Confirmed ways to decontaminate and reuse N95 masks
With PPE shortages occurring in coronavirus hot spots, effective methods for decontamination and reuse of limited resources has become an area of high interest. The National Institutes of Health (NIH) has released a preprint comparing different techniques. The study compared ultraviolet radiation at 260-285 nanometers, 70° Celsius heat, 70 percent ethanol, and vaporized hydrogen peroxide (VHP) in their ability to reduce contamination. They also assessed whether these processes damage the N95 mask material over several cleanings. Masks were subjected to two hours of continuous wear followed by a cleaning cycle for a total of three cycles. They were evaluated based on inactivation rates of the virus on mask material compared to stainless steel. Tests were also done to determine how many viral particles violate recycled masks. The ethanol and VHP methods most rapidly inactivated the virus on N95 masks, while UV light and heat had similar rates of inactivation. After the initial round of wear and decontamination there were no significant differences between mask integrity, but after subsequent rounds, sharp drops in the effectiveness of the alcohol and heat-treated masks were seen. The UV and VHP-treated masks maintained acceptable function through the entire phase of testing. Overall, the study shows superiority of VHP treatment for both speed of decontamination and retained function and supports up to three cycles of cleaning for equipment reuse. The National Institutes of Health.
What is the optimum distance or formation to "social distance" when exercising outside?
With the weather warming up, people may be trying to exercise outside while still maintaining social distancing guidelines. Many people will follow the 6 feet apart rule suggested by the CDC. But others may believe that being outdoors decreases exposure. A recent preprint entitled "Towards aerodynamically equivalent COVID-19 1.5m social distancing for walking and running" attempts to address this issue. Researchers in the Netherlands and Belgium looked at the "social distance" guideline of 1.5 meter (~5 feet). They studied whether the passage of droplets in the air would be affected when individuals are not standing still or when individuals are exercising. In the non-mobile individual, droplets are expected to fall to the floor before passing the 1.5 meter distance. But what about walking, running or cycling? Conducting a simulation study in a windless environment, the researchers investigated the passage of droplets when walking and running, as well as different situations--including determining what happens when individuals pass each other side by side, inline, or are staggered. The greatest exposure was found in those walking or running inline, especially for the person in the back of the pack. The authors suggest that people running or walking should either do so side by side or in a staggered formation. Another option might include increasing social distancing to greater than 5 or 6 feet, depending on the speed of exercise. The researchers have created a brief 30 second video that shows the simulated effects of the droplets with various forms of exercise.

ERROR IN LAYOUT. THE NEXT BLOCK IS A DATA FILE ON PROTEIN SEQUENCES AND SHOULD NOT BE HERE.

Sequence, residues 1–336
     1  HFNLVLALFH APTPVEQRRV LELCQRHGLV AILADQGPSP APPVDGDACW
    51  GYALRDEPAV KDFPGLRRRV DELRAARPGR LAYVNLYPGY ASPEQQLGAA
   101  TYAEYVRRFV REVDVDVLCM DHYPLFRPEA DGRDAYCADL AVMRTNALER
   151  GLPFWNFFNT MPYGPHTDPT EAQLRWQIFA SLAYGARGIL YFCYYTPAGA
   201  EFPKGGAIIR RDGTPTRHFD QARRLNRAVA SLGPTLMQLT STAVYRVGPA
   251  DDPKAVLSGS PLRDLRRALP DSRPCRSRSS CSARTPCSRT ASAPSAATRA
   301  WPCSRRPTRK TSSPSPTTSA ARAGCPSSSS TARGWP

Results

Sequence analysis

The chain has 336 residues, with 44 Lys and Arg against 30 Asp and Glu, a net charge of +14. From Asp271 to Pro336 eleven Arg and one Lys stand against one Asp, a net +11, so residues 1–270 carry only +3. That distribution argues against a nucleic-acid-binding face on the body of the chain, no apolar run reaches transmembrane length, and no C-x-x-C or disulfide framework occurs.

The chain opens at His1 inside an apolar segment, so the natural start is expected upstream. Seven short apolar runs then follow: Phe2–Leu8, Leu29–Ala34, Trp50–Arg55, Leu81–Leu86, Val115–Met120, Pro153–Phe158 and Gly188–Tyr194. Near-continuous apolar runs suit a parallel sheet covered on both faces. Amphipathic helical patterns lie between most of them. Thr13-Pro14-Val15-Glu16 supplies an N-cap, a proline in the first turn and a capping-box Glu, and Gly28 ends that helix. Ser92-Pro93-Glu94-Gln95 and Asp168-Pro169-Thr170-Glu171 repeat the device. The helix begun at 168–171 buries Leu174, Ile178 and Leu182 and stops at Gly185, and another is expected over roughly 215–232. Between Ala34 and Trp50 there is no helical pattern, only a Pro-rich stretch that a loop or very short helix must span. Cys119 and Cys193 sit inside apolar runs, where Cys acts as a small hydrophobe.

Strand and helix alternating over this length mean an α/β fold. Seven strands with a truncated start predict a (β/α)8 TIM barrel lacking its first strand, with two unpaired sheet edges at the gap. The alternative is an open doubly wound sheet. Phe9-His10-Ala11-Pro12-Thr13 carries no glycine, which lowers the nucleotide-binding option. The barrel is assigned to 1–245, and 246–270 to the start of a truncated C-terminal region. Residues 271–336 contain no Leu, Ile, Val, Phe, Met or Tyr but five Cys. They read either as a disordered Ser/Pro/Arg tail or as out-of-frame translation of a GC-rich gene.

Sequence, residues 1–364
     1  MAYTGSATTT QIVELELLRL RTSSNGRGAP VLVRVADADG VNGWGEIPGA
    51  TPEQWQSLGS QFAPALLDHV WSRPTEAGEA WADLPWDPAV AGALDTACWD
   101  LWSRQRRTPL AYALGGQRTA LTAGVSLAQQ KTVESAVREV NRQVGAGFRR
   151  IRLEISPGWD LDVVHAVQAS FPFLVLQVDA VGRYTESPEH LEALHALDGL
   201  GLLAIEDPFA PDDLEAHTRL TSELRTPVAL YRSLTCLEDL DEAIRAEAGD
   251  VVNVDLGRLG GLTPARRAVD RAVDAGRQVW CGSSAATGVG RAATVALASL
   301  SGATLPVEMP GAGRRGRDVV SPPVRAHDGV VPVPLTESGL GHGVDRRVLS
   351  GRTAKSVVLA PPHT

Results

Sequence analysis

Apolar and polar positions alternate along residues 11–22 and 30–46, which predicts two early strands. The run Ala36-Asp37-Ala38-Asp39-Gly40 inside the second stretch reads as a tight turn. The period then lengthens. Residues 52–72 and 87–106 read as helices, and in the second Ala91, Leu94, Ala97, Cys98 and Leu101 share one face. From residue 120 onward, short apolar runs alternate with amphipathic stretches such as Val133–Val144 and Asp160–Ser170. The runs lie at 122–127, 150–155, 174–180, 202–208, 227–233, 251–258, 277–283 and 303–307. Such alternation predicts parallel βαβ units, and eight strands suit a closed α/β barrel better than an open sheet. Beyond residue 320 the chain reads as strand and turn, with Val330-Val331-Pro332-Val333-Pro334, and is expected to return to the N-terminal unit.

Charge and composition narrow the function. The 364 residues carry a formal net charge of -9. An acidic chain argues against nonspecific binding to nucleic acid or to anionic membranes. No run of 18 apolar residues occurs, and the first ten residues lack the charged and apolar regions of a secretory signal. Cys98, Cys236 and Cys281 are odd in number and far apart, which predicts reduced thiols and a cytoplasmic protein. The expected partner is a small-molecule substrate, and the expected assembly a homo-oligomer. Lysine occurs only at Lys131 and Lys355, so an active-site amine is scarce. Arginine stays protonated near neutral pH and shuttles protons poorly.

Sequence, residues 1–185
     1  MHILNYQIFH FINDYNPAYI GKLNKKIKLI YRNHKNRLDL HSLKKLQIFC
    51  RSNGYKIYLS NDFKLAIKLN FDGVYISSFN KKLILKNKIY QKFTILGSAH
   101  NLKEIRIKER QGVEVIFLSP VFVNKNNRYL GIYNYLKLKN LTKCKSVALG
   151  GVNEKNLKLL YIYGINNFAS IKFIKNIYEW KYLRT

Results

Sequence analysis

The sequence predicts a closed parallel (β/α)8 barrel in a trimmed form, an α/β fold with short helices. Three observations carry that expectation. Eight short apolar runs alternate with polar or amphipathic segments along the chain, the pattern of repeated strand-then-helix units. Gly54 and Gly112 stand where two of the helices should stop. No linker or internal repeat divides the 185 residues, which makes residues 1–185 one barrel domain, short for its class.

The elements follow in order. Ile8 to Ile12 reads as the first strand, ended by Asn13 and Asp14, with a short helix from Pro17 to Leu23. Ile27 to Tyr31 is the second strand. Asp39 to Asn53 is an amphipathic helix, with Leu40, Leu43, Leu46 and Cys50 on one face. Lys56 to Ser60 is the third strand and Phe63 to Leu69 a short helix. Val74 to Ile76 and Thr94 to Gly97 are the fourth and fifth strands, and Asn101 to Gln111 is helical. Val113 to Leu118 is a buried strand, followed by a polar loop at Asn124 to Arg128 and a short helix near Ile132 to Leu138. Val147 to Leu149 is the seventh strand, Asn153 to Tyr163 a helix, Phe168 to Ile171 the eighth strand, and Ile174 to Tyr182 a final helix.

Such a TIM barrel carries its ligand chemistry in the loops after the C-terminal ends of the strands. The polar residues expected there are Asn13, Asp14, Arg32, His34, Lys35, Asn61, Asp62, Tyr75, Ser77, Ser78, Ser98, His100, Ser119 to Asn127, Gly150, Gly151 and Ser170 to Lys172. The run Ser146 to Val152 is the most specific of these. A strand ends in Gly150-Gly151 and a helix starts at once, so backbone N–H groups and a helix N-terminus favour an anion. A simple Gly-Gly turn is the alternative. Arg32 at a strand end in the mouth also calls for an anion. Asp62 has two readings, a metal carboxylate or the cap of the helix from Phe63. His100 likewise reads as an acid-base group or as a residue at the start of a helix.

Georgia's Brian Kemp was one of several governors who announced plans on Monday to allow some businesses to reopen. Governor Kemp, a Republican, said that barber shops, tattoo parlors, bowling alleys, and gyms would be able to reopen as early as Friday, while movie theaters and sit-down restaurants could open next Monday. Governor Kemp said that his state had met the criteriato move to Phase 1 under President Trump's Opening Up America Plan, including seeing a downward trend in symptoms and cases.Governor Kemp's announcement left unanswered questions, such as how tattoo artists and barbers would observe social distancing measures. Governor Kemp also reiterated that the shelter in place order he issued earlier this month will remain in effect through April 30, making it unclear if residents are supposed to patronize the reopened businesses. The governor said that municipalities would not be permitted to issue more stringent restrictions than what he is issuing at the state level. NPR.
Is a public-private partnership the cure for covid-19?
Hundreds of potential therapies for covid-19 are being tested right now. In order to standardize the evaluation of these treatments, and to only advance the most promising, the National Institutes of Health has announced a partnership between federal researchers and 16 drug companies called Accelerating Covid-19 Therapeutic Interventions and Vaccines, or ACTIV. Among other things, the collaboration will set standardized endpoints so that potential therapies are being measured in the same way and will create a single control arm. Stat News.